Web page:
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Version: 4.16

4. External RAM

Motivation#

In this step we will enable the external SDRAM. External RAM is often required in graphical applications as the framebuffer is too big to fit into the internal RAM in many resolutions. Some applications use two or three framebuffers, making external RAM even more a necessity.

Note
Skip this step if external RAM is not relevant for your board bring up.

When the framebuffer is to be placed in external RAM it is important that we ensure that the external RAM

  • Can be read and written.
  • Runs at desired (typically maximum) speed.

Goal#

The goal in this section is to enable the external RAM and read and write data from it.

Verification#

Here are the verification points for this section:

Verification PointRationale
External RAM is readableExternal RAM can be used for framebuffer location
External RAM writableExternal RAM can be used for framebuffer location
External RAM PerformanceGraphics performance is acceptable with framebuffer in external RAM

Prerequisites#

The following are the prerequisites for this step:

  • Information about the RAM, typically a datasheet
  • Information about the connections between the MCU and the external RAM

Do#

The external SDRAM controller is configured in CubeMX under Connectivity -> FMC -> SDRAM1:

Configuring SDRAM

The AHB clock (HCLK) is reference clock for the FMC memory controller. Check the clock frequency under "Clock Configuration" and use that to calculate the various SDRAM clock cycles.

Remember to configure all the GPIOs used for the SDRAM:

Configuring SDRAM GPIO

Further configuration#

For some RAM chips it is necessary to do additional device specific configuration. This cannot be configured in CubeMX, but must be done in the C code. The Cube HAL contains functions to send commands to the device. Here is an example:

main.c
FMC_SDRAM_CommandTypeDef Command;
/* Step 1: Configure a clock configuration enable command */
Command.CommandMode = FMC_SDRAM_CMD_CLK_ENABLE;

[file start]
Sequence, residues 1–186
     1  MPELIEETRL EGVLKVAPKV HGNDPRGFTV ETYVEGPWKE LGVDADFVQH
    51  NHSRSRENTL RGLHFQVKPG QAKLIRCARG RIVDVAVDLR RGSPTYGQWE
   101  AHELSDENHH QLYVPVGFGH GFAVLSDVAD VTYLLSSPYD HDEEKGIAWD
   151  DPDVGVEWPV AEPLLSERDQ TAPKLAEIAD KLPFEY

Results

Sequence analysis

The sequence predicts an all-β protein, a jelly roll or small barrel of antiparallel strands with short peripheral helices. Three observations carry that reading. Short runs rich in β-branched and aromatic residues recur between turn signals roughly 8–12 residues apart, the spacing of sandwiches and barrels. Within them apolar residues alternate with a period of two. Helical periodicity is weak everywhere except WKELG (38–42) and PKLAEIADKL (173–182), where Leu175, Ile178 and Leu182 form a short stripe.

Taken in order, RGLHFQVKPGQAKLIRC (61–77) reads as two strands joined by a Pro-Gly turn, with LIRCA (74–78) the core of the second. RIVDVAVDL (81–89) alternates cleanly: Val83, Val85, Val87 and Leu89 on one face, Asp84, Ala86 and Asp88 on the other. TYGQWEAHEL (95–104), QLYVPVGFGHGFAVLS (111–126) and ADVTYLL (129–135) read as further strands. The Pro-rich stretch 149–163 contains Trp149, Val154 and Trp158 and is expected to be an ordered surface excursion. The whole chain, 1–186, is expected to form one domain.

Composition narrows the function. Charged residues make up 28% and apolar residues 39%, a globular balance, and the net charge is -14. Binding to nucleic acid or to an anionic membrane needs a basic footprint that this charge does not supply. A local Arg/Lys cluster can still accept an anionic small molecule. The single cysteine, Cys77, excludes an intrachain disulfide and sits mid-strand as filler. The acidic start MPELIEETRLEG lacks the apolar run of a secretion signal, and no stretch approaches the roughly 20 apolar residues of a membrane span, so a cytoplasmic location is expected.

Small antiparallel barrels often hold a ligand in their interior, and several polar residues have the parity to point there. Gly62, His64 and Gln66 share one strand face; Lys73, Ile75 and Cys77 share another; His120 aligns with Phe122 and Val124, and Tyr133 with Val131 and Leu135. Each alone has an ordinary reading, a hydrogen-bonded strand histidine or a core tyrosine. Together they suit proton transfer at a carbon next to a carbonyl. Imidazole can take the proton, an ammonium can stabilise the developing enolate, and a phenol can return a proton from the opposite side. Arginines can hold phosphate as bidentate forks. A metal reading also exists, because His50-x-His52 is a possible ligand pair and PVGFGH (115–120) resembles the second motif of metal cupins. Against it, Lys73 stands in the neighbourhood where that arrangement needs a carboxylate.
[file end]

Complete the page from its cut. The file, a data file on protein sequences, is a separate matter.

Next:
Command.CommandTarget = FMC_SDRAM_CMD_TARGET_BANK1;
Command.AutoRefreshNumber = 1;
Command.ModeRegisterDefinition = 0;
/* Send the command */
HAL_SDRAM_SendCommand(&hsdram1, &Command, SDRAM_TIMEOUT);

Testing the RAM#

After configuring the external RAM it is important to test it. We should test at least the following:

  • RAM is visible in the debugger
  • RAM is readable and writeable in the whole range
  • Performance is as expected

The memory controller uses a fixed address mapping of external memories based on their type. Check the datasheet for your microcontroller for the addresses. SDRAM is typically mapped to 0xC0000000 (bank1) or 0xD0000000 (bank2).

Test RAM is visible in the debugger.#

The first test when the RAM is enabled is to access it from the debugger. This will easily show if you can read and write to the memory. Just open a memory viewer on the address:

Testing memory in Bank2 at 0xD0000000 in the debugger

RAM is readable and writeable in the whole range#

The next test is to write small programs to write more data to the external memory. Preferably test the whole memory. Here is a starting point:

uint32_t *externalRAM = 0xC000000;
const uint32_t size = 1000;
//write external RAM
for(int i = 0; i < size; i++)
{
externalRAM[i] = i;
}

Now check the memory again in the debugger. This can reveal some types of error, for example if some of the address pins are not connected or exchanged. You should also try with different value patterns. Writing low numbers like 0, 1, 2, 3, will not reveal if some of the data pins are bad.

We can also read the memory with a little program:

uint32_t *externalRAM = 0xC000000;
const uint32_t size = 1000;
//read external RAM
for(int i = 0; i < size; i++)
{
ASSERT(externalRAM[i] == i, "external RAM not as expected");
}

Remember that a test like this will not tell if the addresses are incorrect.

Test all memory cells. Either by running a longer loop, or by changing the starting address.

Performance is as expected#

We need now to test the performance of the external RAM. The performance is important when the framebuffer is in external memory. A slow memory will degrade the graphics performance of your system.

Test the speed of reading, writing, and modifying the RAM. Typically, a graphics application copies a lot of data from one memory to another. There will be a lot of writing to the framebuffer during draw operations, and a lot of reading when transmitting to the display. We can mimic that in our test programs:

volatile uint32_t *externalRAM = 0xC000000;
uint32_t sourcedata[10000];
const uint32_t size = 10000;
int begin = HAL_GetTick();
//write external RAM
for(int i = 0; i < size; i++)
{
externalRAM[i] = sourcedata[i];
}
int end = HAL_GetTick();
int begin = HAL_GetTick();
//Read external RAM
for(int i = 0; i < size; i++)
{
sourcedata[i] = externalRAM[i];
}
int end = HAL_GetTick();

Graphics software reads and writes data in the framebuffer when e.g. blending an image on a background.

//Time modifying external RAM
int begin = HAL_GetTick();
for(int i = 0; i < size; i++)
{
externalRAM[i] += 2;
}
int end = HAL_GetTick();

Depending on your memory speed and the accuracy you would like, you may like to loop the tests, say 100 times, to make the results more reliable.

If the external RAM is clocked too fast it can result in incorrect values during read or write operations. This can be difficult to see with these simpler tests, but will be visible on the display.